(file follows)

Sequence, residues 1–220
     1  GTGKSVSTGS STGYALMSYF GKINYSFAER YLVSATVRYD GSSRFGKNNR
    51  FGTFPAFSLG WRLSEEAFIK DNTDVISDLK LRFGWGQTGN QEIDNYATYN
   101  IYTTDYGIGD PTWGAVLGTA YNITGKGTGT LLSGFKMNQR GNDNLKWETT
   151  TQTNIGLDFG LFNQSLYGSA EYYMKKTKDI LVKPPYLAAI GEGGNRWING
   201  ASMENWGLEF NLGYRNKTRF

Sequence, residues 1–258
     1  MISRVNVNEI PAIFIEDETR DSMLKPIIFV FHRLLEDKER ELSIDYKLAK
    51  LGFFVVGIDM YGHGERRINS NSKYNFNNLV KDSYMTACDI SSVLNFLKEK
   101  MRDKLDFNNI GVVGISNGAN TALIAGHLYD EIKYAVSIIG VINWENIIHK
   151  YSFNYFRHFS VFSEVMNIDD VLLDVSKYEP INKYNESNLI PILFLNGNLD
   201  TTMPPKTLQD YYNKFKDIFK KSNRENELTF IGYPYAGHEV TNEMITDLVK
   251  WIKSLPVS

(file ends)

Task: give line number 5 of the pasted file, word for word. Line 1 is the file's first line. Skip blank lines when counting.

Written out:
   151  TQTNIGLDFG LFNQSLYGSA EYYMKKTKDI LVKPPYLAAI GEGGNRWING